Share-housing in your 60s: ‘Six of us wanted to do retirement in an extraordinary way’

·6-min read
<span>Photograph: Maskot/Getty Images</span>
Photograph: Maskot/Getty Images

We are three couples who decided on living together, 16 years ago, in our retirement. The word “retirement” is a loose description as we, like many seniors are incredibly busy, wringing as much as we can out of what’s likely to be­ – what Michael calls – our last quarter.

The six of us wanted to do retirement in an extraordinary way, one in which our maturing into old age was enriched by being together. We have expressed our mission by contributing to society, continuing to learn, optimising our health and exploring creative pursuits. Our team consists of Michael and Judy, who I met through Iyengar yoga in the late 70s; Heather and Rick, who I met through the EST training and the Landmark Forum, my husband, Daniel, and me.

Back in 2000, we discovered that we enjoyed each other’s company enough to start sharing Christmas and New Year holidays. When we talked about our future, it seemed that a home in the country was a more enticing option than a retirement village. So we started taking steps.

Originally published in Tonic Magazine

Choosing a location

In the beginning, we were extremely naive and we actually looked at an 80-hectare (200-acre) property. It didn’t take long to come to our senses and so we settled on buying a 1.6-hectare spread on Mitchells Island on NSW’s mid north coast. That’s how Michael came up with our group name, the Shedders – as the property had a big green shed on it.

Related: Gleefully single seniors: ‘If I wanted to feel complete, it had to come from within’

Getting to know ‘our island’

The island became our new holiday destination. We’d make the four-hour drive from Sydney up the Pacific Highway whenever we could get away. During these holidays, we would fill the 72 sq metre shed up to the rafters. Two couples got to stay in the two bedrooms and the third couple got the mattress in the “lounge”. We got along remarkably well, considering the small space. Fortunately our island has inviting attractions – recreational river activities, an ocean beach, a cafe or two and a general store.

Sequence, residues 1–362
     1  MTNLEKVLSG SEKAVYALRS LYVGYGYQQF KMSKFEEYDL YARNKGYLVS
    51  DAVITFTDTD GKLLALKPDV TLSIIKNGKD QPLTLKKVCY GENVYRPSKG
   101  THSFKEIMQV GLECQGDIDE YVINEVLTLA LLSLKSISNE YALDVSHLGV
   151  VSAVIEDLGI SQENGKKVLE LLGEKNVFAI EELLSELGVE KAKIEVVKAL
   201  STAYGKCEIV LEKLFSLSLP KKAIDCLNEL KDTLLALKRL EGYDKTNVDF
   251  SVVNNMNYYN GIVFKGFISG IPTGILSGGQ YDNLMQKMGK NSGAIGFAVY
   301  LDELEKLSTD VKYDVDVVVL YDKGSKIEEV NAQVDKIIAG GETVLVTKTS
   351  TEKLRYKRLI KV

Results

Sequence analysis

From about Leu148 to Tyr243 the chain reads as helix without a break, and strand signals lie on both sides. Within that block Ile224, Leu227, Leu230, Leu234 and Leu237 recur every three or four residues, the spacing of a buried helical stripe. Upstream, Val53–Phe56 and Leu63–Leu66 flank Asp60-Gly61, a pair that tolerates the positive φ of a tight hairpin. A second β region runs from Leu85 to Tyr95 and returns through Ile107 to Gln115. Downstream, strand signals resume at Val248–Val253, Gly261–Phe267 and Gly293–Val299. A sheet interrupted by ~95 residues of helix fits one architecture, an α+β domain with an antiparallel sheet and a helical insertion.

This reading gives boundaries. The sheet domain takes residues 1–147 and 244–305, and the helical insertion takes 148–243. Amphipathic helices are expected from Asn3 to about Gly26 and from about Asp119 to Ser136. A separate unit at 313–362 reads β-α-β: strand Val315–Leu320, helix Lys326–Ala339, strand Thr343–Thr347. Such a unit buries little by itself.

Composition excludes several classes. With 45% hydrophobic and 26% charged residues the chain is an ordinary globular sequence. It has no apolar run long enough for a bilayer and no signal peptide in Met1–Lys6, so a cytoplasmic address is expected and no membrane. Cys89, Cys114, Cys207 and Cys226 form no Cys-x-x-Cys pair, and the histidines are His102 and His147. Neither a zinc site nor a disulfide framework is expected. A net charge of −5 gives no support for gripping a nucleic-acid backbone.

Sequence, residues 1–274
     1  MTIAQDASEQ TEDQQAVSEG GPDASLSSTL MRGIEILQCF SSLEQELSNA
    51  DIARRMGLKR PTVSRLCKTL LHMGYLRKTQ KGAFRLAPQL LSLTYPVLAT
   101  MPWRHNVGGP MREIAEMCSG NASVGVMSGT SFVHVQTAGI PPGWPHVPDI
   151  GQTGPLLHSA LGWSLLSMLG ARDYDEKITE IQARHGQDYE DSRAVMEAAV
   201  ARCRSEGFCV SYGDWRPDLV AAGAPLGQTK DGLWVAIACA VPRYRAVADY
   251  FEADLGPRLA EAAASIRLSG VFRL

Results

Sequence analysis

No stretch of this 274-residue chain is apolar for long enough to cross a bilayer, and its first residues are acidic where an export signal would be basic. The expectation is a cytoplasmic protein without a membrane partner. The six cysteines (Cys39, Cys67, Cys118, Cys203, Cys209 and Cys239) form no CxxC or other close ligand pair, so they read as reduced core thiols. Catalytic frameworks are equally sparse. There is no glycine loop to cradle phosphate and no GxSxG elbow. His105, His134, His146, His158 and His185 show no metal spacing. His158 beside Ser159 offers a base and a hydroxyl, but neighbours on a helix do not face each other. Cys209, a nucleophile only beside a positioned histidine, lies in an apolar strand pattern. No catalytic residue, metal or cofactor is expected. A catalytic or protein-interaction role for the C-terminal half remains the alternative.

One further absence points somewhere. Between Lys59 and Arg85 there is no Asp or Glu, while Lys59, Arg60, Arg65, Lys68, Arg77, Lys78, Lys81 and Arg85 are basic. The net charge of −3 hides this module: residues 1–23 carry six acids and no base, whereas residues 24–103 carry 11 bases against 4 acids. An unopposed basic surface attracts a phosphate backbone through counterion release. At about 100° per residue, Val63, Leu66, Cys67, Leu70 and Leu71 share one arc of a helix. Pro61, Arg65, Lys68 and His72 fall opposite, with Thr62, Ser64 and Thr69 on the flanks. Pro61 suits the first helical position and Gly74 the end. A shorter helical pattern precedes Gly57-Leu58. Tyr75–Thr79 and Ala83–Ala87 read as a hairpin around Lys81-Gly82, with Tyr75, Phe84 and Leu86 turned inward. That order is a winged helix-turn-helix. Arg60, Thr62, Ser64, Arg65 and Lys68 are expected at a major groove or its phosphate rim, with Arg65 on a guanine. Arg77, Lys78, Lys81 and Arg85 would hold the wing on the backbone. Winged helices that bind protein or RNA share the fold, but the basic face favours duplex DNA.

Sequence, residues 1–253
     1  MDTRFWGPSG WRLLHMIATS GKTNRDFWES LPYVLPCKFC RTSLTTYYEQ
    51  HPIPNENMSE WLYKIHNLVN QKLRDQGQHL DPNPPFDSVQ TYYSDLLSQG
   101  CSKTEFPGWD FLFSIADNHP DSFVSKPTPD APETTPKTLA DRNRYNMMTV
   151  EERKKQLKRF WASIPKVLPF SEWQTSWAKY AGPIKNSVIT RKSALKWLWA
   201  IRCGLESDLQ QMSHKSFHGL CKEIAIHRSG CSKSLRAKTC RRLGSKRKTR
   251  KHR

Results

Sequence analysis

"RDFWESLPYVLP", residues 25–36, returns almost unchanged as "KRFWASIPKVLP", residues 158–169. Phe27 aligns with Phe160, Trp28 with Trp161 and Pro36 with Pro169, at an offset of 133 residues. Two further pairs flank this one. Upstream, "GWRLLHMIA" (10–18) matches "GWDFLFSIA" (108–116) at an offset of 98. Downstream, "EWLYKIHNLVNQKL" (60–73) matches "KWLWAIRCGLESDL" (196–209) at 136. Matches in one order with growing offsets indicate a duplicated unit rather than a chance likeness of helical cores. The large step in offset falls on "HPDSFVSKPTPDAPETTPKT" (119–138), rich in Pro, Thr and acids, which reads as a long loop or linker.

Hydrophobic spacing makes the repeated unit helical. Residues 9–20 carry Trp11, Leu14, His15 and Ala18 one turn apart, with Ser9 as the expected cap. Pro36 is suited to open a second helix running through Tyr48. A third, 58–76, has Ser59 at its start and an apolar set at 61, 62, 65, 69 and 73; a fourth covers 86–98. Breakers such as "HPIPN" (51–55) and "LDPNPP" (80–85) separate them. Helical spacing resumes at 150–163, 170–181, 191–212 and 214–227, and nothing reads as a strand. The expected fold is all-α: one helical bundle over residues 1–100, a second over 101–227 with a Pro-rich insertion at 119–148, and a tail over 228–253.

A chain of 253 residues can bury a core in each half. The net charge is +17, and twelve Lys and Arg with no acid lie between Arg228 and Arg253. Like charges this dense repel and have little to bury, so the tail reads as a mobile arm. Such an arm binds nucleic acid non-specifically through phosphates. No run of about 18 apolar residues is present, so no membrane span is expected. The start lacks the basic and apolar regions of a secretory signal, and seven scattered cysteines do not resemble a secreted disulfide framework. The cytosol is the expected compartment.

Living together

To test the theory that we could live tout ensemble, we began a trial of cohabiting in a rented house in Sydney. It shouldn’t have surprised us, but potential landlords weren’t in a hurry to rent to six adults. Perhaps we were viewed as hippies or swingers? We struck it lucky. Judy found a three-level waterfront house in Longueville, Tambourine Bay. We had to downsize our possessions to move in together, which gave us the opportunity to live up to the name Shedder; imagine how many belongings we had to shed to be able to consolidate three households into one?

We had our difficult moments, but it’s said that tough seas make smooth stones and we, mostly, lived in harmony for two years. I became a blogger at the beginning of our Longueville stay in 2006, an early adopter of this way of communicating.

Building a house